Patient Preferences for Medications in Managing Type 2 Diabetes Mellitus: A Discrete Choice Experiment



To quantify patients’ maximum acceptable risk (MAR) of urinary and genital tract infections (UGTI) in exchange for benefits associated with treatments for managing type 2 diabetes mellitus (T2DM).


In a discrete choice experiment, adult patients with T2DM and currently on metformin and/or sulphonylurea (first-line treatments) were asked to choose between 2 hypothetical medications defined by 6 attributes: years of medication effectiveness in controlling blood glucose, weight reduction, UGTI risk, risk of hospitalization from heart failure, all-cause mortality risk, and out-of-pocket medication cost. We used latent class logistic regression parameters to estimate the conditional relative importance of treatment attributes and MAR of UGTI for various treatment benefits.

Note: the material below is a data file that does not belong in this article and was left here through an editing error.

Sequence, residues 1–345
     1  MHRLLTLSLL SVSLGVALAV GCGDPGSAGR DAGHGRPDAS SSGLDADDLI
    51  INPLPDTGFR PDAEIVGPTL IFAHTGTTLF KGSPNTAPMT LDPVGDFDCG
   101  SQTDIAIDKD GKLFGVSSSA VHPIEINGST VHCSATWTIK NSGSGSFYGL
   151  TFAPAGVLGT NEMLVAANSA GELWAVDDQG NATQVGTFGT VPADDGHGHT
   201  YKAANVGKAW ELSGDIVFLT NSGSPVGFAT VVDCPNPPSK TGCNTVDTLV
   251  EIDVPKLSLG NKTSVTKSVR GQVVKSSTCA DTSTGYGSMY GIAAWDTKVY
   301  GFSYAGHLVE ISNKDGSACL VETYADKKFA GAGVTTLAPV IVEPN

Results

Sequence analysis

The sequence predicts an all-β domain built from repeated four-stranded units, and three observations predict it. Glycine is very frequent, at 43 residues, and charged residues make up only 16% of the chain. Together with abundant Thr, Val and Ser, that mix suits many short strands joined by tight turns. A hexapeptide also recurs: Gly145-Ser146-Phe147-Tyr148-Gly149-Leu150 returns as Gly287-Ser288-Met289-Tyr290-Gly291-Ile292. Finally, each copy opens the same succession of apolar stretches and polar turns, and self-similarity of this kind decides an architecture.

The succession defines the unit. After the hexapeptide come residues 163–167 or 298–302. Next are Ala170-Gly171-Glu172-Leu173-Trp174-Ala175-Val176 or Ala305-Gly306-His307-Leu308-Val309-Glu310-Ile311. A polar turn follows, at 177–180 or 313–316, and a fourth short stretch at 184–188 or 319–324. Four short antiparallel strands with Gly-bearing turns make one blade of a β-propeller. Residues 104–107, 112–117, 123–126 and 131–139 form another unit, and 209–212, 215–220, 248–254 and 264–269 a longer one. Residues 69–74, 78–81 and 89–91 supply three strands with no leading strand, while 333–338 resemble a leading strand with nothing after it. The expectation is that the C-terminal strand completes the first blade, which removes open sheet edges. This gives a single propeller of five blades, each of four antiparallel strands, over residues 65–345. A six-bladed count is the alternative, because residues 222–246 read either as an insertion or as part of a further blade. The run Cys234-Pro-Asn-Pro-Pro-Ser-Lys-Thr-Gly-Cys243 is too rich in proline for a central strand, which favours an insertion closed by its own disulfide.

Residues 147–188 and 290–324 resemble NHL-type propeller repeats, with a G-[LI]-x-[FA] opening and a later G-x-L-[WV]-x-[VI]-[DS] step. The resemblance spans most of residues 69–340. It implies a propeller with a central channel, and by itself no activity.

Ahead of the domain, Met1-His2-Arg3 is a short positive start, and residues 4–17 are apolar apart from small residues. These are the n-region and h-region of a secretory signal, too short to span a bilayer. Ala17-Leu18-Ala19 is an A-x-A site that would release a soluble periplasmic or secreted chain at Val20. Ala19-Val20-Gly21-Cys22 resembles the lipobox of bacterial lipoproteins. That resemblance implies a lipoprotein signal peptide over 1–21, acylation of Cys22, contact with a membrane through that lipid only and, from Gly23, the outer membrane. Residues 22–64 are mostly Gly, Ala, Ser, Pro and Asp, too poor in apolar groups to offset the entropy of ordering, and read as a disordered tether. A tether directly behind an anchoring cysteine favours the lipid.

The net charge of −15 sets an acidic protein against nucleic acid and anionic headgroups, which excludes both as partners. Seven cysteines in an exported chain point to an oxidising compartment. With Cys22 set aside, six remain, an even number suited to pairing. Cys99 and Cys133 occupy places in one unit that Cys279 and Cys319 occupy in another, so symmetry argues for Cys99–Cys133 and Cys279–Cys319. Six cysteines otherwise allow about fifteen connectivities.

A 2-class latent class model was identified as the best fit for the responses from 147 patients. The first class (49% of sample), termed as “survival-conscious,” stated that they were willing to accept 46% (95% confidence interval [CI]: 2%-90%) UGTI risk in exchange for a reduction from 6% to 1% in all-cause mortality risk. The second class (51% of sample), termed as “UGTI/cost-conscious” were willing to accept significantly lower (6%; CI: 2%-11%, and 5%; CI: 2%-8%) UGTI risk in exchange for the same reduction in all-cause mortality and hospitalization risks, respectively.


On average, patients were willing to trade higher UGTI risk for a more effective medication. Our findings suggest that physicians should present the benefits and potential side effects of all available treatments and consider patient preferences in their treatment recommendations.


Semra Ozdemir Drishti Baid Naina R. Verghese Amanda YR. Lam Phong Ching Lee Adoree YY. Lim Ling Zhu Sonali Ganguly Eric A. Finkelstein Su-Yen Goh

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